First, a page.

4 out of 4 stars
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Ironbark Hill is a great book to read when you want to enlarge your vocabulary, increase your understanding of the use of elocution in everyday language, and generally be enthralled in a romantic yet suspenseful story of a young girl growing into womanhood. The author, was an astute artist in the character development as Natalie came to life in the first person narration.
The author arranged at the midway point of the set of 25 chapters, an artistic contest that played a pivotal part in the main character’s life. As if we, the readers, needed a contest that was rigged to give Natalie some sense of triumph in the midst of her despair. Other persons important to the plot development and central to her daily work were placed there to make everything feel cohesive in the celebration of this moment in Natalie’s life.
But Natalie is an atypical teenager as she recalls the transition from childhood to womanhood and that is what keeps the reader wanting to traverse this path with her. It’s interesting that the descriptions dwell on the colors and tints of a painter’s tray, just as the main character exhibited many shades and hues of varying emotions. Her experiences shone brightness in the startling conflicts, determination, and persistence of a young lady as she seems driven to connive, deceive, and get even with her adversaries.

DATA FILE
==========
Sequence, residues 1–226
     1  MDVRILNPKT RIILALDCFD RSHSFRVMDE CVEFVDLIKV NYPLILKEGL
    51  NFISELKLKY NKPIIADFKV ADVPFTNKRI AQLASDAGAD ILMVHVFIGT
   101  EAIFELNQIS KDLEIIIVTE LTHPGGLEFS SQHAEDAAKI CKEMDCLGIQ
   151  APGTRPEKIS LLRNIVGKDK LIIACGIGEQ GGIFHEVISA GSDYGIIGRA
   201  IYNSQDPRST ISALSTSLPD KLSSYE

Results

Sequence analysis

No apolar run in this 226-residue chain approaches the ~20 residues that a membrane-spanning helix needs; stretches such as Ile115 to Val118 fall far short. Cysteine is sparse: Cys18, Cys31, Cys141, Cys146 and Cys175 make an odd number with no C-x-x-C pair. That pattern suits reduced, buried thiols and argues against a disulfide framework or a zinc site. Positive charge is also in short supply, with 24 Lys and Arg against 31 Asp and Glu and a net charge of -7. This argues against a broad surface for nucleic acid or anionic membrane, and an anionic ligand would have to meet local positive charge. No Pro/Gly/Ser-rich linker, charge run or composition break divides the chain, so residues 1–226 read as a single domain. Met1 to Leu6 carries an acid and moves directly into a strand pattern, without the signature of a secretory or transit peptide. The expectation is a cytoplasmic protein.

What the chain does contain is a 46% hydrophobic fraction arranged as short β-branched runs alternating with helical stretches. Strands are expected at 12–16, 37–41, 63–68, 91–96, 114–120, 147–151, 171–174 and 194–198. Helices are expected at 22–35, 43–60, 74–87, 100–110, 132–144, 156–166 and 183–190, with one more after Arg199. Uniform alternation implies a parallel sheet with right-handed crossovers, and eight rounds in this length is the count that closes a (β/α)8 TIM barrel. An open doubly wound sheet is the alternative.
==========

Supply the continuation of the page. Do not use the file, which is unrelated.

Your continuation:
The written word is definitely alive with Old English such as when she goes to the cabinet to set the table for dinner, she calls the dishes crockery, and her love of her heifer, Libby, leads us into the world of farm life and agricultural terminology. I would define this book as suitable for Young Adults or even high schoolers, as it is filled with literal situations and plots that thicken that are fast moving and produce an ending that answers all questions and eases all concerns.
I wouldn’t describe Natalie as heroic but plainly a human, I do think that in this age of #METOO, she is a likeable character that gets her man in more ways than one.
Though I was a little perturbed by the style of writing, and I had to search for context clues to understand what the author meant at times, Ironbark Hill is worth the searching in Google dictionary for a few moments because the plot development is that enjoyable.
I gave Ironbark Hill by Jennie Linnane a 4 out of 4.
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